For a few days, I’ve been struggling to find something clever to say about the story of Europeans mysteriously disappearing 4,500 years ago instead of just tossing a sentence with a link. A lot of remains have been found that had people with a certain variant of haplogroup H, which is now uncommon in Europe. They were replaced around that time by people with a different variant of haplogroup H. Then I noticed the article is from 2013. Whoops. I’ve not been paying attention again and have been losing the thread.
Now there’s a new study that points to large scale, violent event during that period, in which large groups of people were massacred. This is when the haplogroup H people of that certain variant were largely wiped out in Europe, right?
Anthropogenesis breaks down the recent papers on how the Americas were populated. It introduces more papers than I’m used to on proposing a European connection (via Eurasia) but the “Ancient Northern European” theory mentioned has cited papers, not entirely wild speculation, although it seems Ancient Northern Eurasians would be more accurate.
The wilder aspect is the Out of Americas theory. I’ve not seen anyone else mentioning back migrations from the Americas into Eurasia. The only back migrations that I’m aware of would be in Africa and that’s yet to be untangled. It seems like a fringe idea but I’m compelled to read more.
So the story that the Americas were populated in a single wave of people no earlier than 23,000 years ago was trotted out. 31 living Native Americans genomes were compared to 23 ancient Native American genomes. Yep, yep, yep. See? No one was displaced from the Americas until the Europeans showed up. Until then it was one big happy family in the New World.
Except that there is a new paper published in Nature titled ‘Ghost population’ hints at long-lost migration to the Americas.
the Suruí and the Karitiana, are more closely related to Papua New Guineans and Aboriginal Australians than other Native Americans are to these Australasian groups.
That’s more like it. Destroy that one wave theory.
There’s still hope from Monte Verde and Topper Site.
Here’s a nice piece on how the implications of Nubian cores found in Arabia and South Africa explain the dispersal of Homo sapiens.
Do these Nubian artefacts reflect a great migration of north-east Africans to the continent’s southern tip? Or are they the result of convergence in the face of finite possibilities?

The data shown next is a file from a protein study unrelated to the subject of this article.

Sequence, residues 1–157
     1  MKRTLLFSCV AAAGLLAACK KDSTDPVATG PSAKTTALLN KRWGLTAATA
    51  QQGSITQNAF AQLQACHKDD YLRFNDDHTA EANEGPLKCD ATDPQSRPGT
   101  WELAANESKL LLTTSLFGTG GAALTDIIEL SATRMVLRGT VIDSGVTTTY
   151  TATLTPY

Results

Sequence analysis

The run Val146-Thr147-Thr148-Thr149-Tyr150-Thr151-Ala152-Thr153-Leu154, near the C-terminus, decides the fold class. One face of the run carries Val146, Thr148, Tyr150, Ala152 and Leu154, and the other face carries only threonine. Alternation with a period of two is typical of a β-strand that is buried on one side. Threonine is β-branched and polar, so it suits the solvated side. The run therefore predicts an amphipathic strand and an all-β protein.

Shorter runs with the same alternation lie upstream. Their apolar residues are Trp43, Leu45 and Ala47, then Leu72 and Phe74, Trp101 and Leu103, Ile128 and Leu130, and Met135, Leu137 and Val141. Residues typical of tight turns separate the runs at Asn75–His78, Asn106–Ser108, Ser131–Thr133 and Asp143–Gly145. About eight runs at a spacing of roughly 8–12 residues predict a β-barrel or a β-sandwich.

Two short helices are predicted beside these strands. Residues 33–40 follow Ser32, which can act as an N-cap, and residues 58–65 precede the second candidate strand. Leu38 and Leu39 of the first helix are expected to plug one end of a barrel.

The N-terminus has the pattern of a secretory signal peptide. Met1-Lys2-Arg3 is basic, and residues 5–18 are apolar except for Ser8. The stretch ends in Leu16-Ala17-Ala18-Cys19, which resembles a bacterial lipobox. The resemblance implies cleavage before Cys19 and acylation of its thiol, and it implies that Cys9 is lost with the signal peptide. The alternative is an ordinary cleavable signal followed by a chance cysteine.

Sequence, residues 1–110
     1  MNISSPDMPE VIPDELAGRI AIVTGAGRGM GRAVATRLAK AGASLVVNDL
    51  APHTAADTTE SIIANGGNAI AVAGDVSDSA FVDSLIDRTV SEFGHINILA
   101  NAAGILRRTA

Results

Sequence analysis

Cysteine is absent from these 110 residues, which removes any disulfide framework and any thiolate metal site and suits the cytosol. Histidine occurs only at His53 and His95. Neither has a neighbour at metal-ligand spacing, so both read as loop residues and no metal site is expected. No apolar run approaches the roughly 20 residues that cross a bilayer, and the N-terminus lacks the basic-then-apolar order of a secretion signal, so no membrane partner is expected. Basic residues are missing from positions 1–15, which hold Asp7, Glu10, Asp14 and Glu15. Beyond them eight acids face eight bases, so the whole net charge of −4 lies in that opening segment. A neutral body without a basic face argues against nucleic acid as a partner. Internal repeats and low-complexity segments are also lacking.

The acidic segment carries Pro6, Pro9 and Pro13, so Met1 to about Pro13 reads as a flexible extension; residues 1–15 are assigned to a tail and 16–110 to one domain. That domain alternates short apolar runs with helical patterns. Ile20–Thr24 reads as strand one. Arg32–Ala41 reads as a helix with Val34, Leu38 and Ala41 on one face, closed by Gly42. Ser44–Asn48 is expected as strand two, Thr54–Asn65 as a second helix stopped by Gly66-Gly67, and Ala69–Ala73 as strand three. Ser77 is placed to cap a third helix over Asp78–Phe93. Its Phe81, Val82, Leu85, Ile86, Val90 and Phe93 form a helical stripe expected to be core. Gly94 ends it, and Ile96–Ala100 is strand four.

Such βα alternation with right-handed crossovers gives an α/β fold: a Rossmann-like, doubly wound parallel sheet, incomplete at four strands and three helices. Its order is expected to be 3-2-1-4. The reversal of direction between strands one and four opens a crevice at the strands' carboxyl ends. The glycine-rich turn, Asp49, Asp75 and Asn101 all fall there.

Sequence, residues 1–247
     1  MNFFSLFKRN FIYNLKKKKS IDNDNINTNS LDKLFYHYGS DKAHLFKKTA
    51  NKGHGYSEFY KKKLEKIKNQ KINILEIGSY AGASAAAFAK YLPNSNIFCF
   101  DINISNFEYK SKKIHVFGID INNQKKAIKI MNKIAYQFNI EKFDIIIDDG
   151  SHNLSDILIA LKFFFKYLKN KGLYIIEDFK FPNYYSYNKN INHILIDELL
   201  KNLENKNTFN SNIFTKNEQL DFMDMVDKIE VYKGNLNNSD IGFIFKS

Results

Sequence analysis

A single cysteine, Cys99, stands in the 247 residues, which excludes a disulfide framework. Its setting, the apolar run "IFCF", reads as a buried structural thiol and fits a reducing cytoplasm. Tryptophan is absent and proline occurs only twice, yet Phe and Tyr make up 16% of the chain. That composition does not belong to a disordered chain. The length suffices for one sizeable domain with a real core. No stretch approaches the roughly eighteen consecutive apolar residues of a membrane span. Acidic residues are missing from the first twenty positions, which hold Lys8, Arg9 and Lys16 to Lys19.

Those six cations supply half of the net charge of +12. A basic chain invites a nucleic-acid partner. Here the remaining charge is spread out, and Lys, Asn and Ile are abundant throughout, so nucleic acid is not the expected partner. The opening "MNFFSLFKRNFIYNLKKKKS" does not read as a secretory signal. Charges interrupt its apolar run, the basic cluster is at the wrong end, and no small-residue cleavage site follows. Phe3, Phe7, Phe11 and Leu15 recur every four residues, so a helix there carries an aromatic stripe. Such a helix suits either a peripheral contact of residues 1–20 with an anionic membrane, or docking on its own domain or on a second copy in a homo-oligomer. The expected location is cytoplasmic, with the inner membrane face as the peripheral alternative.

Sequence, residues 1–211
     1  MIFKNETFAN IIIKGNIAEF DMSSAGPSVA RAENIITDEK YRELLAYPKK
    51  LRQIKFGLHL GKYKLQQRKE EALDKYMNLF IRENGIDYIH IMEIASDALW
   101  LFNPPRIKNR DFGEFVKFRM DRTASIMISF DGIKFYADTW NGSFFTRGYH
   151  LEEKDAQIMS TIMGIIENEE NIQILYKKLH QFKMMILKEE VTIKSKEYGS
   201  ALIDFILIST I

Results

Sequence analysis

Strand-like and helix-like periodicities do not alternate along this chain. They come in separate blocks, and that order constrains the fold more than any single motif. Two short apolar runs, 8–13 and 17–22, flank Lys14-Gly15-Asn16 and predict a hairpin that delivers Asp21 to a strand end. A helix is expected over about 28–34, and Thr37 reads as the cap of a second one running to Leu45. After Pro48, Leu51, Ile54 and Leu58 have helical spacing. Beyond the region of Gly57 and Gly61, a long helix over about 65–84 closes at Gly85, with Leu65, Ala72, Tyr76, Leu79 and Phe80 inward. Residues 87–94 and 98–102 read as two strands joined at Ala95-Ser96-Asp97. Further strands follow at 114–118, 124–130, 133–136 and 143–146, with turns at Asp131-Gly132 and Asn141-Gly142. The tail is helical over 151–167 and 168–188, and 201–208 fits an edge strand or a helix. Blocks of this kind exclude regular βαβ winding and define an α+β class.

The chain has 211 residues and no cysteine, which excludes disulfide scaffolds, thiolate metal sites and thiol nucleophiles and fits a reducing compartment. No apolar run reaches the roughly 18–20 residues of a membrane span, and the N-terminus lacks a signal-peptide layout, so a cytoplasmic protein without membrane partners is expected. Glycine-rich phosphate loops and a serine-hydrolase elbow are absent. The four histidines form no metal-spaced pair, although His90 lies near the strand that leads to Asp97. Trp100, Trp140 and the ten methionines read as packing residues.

For several reasons, we think that they reflect convergence. First, we could find no evidence of Nubian-like cores in the 6000 km between the classic Nubian belt and south-west Africa. If there was a great migration, it is one that left no evidence in the intervening space. Second, our artefacts likely occur some 15,000 to 60,000 years too late for the typical Nubian.
To put that in perspective, it would require people to maintain the same technology across 750 to 3000 generations, all the while moving from the Sahara across central Africa and down into the temperate zones of southern Africa.
Convergence, eh? I might be dissuaded of my uninformed, fanciful ideas soon.
Moriori and Ainu are ruled out. Kennewick Man’s closest living relatives are Native Americans. However, he’s not strongly linked to any specific group or tribe as there have been insufficient genetic studies.
Though they were not able to directly link the Kennewick Man to any specific modern tribe, the researchers argue that the Colville people may be more closely related to Kennewick Man than other Native Americans. Two possible scenarios emerge from the analysis. First, around 9,200 years ago, an ancient population of humans in North America split into two branches. One produced Kennewick Man a few hundred years later, and one gave rise to modern Native Americans, including the Colville. In the second scenario, Kennewick Man could be a direct ancestor of the Colville, and over time, an influx of DNA from other groups could have made that connection hard to distinguish.
It’s about heritage. We cannot possibly understand.
To be honest… no, I don’t respect every desire of every culture. Reverence for nature and for ancestors makes sense, but willfully to choose ignorance of human origins is annoying. The arguments for not studying who Kennewick Man is sound as convincing as the arguments of anti-vaxxers and homeopaths.
45,000 year old shell tools in Lebanon.
I have a sneaky feeling one day older tools similar to these will be found in South Africa, but that’s just a crazy, wild guess.
I’m glad that I’m not the only one uncomfortable about the news about the new paper proposing how humans left Africa. Resurrecting the North Route just seems weird. Dienekes points out Egypt has had a lot of gene flow through the years, even when one takes the European ancestry out of the equation.
Ancient human fossils from Laos cave demonstrate early human diversity. 46,000 to 63,000 years ago.
Evidence of admixture of another archaic species?
TPL2 has a clear chin, with a midline tuber symphyseos and paired lateral tubercles and a mentum osseum category rank 4. This is the most common pattern demonstrated by modern humans, with 56.3% of East Asian early modern humans and a vast majority of western Eurasian early modern humans (71.4%) demonstrating this pattern. In contrast, 57.7% of Neandertals demonstrate a rank of 2 with no projecting tuber symphyseos and no archaic human has a value above a rank of 3